URBANA, Ill. (WAND) - A 4-month-old baby is in critical condition in Central Illinois and now, his parents are sharing his story in efforts to raise awareness about the virus he's fighting.
Brock Shick was diagnosed with Syncytial Virus also known as RSV earlier this month. His parents Tristan Payne and Andrew Shick said they thought it was just a cold at first. He had a small cough and a couple of days later came down with a fever.
"He started gradually getting worse to the point where he is just sedated and on a paralyzing medicine and has a machine breathing for him," says his mother Tristan Payne.
Tristan and Andrew say they're unsure of how he got RSV, but he was in daycare and his brother also had RSV and being born pre-mature is was made this virus attack his body harder.
"To us, it's nothing more than a cold, but it basically gave my son pneumonia and filled his lungs with fluid, stopped working and had to put a machine that does all that for him," says his father Andrew Shick.
So they're hoping, by sharing his story, others will consider staying home when they are sick or covering their mouths when they're out in public.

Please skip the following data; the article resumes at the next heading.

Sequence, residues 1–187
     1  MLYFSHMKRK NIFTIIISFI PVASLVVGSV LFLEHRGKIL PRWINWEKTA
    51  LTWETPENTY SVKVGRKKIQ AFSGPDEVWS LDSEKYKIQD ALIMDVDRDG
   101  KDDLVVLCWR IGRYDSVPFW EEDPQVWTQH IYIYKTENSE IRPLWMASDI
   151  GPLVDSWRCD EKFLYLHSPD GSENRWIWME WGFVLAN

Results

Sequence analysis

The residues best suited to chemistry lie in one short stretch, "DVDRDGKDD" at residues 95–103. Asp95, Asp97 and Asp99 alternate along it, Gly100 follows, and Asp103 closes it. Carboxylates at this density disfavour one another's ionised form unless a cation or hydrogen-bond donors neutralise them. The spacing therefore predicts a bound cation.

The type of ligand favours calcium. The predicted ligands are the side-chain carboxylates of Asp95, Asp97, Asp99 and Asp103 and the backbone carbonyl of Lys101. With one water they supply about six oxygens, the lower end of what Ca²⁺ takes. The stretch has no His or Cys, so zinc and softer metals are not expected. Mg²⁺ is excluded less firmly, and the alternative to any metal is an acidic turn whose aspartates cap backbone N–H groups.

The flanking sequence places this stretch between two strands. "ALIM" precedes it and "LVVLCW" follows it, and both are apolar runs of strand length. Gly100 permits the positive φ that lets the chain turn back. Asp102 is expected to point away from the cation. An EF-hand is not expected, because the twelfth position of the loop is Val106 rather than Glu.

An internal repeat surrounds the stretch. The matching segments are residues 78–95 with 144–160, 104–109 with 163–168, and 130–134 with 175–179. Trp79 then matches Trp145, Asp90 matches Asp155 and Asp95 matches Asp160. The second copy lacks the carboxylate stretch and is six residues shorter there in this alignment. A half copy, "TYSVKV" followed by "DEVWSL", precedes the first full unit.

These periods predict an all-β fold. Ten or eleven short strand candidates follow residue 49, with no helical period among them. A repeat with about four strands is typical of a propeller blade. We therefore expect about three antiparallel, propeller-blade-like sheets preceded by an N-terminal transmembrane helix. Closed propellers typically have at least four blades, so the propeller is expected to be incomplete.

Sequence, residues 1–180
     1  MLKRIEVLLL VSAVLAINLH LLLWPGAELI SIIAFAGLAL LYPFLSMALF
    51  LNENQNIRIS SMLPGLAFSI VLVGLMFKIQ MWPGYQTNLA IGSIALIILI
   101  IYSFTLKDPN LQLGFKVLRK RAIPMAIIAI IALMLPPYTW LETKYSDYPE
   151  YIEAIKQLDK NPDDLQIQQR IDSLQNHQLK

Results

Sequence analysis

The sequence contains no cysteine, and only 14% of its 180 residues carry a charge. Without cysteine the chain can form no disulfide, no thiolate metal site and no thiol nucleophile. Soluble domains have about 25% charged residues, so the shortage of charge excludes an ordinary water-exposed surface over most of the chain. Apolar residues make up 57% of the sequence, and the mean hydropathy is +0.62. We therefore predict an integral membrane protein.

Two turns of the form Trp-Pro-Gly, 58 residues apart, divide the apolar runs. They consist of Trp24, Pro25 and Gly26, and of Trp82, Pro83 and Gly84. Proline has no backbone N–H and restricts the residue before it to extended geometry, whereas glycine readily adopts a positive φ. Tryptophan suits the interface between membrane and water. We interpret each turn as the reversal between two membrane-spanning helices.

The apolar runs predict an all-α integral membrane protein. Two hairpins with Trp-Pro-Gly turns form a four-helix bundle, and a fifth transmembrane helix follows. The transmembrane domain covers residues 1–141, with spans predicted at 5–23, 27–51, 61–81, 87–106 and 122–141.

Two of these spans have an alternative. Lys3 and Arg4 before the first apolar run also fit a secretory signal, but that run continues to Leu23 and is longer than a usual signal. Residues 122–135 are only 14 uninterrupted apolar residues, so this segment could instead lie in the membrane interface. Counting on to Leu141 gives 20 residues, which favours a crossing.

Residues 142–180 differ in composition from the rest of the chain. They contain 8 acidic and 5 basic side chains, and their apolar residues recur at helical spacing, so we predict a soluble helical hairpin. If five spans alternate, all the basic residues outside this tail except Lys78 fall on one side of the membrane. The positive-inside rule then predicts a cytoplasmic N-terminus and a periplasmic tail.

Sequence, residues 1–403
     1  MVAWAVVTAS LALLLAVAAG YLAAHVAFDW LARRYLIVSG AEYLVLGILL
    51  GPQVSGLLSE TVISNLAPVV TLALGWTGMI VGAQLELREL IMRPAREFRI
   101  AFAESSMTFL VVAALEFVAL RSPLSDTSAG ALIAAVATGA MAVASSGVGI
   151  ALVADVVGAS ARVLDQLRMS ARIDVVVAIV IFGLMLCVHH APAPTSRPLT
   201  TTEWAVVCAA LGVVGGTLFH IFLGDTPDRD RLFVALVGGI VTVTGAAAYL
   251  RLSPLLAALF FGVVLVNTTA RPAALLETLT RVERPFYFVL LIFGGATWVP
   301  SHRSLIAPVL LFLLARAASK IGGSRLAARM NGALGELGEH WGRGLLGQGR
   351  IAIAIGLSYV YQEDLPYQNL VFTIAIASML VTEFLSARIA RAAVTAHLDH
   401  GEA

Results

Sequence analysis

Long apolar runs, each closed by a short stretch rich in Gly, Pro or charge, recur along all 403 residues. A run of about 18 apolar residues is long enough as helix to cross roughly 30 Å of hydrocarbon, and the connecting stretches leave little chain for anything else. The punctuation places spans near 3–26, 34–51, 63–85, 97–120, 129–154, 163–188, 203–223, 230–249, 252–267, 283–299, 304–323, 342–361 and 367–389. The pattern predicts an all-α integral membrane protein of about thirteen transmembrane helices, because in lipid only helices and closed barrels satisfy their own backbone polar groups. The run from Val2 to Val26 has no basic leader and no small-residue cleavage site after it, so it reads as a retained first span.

"When this virus hits a kid this young, it really affects them pretty hard," says Shick.
"You shouldn't touch, kiss babies and especially if you have a cold. Make sure you are always washing your hands," says Shick.
As of now, Brock is in stable condition at Carle Foundation Hospital.
"Essentially they say he can be on this machine for a month. He can be on this machine for 7 more days but he's going to be in the hospital for a while longer. We say stable, he's not stable. Everything is very life-threatening, but our version of stable is he's not getting worse," says Shick.
His parents have created a Facebook page with daily updates on their son and they have been overwhelmed with the amount of support.
"Everyone has reached out. Just to say we are praying for you and we've had people sending donations and we don't know where they're from and just everyone rallying around us has been amazing," says Payne.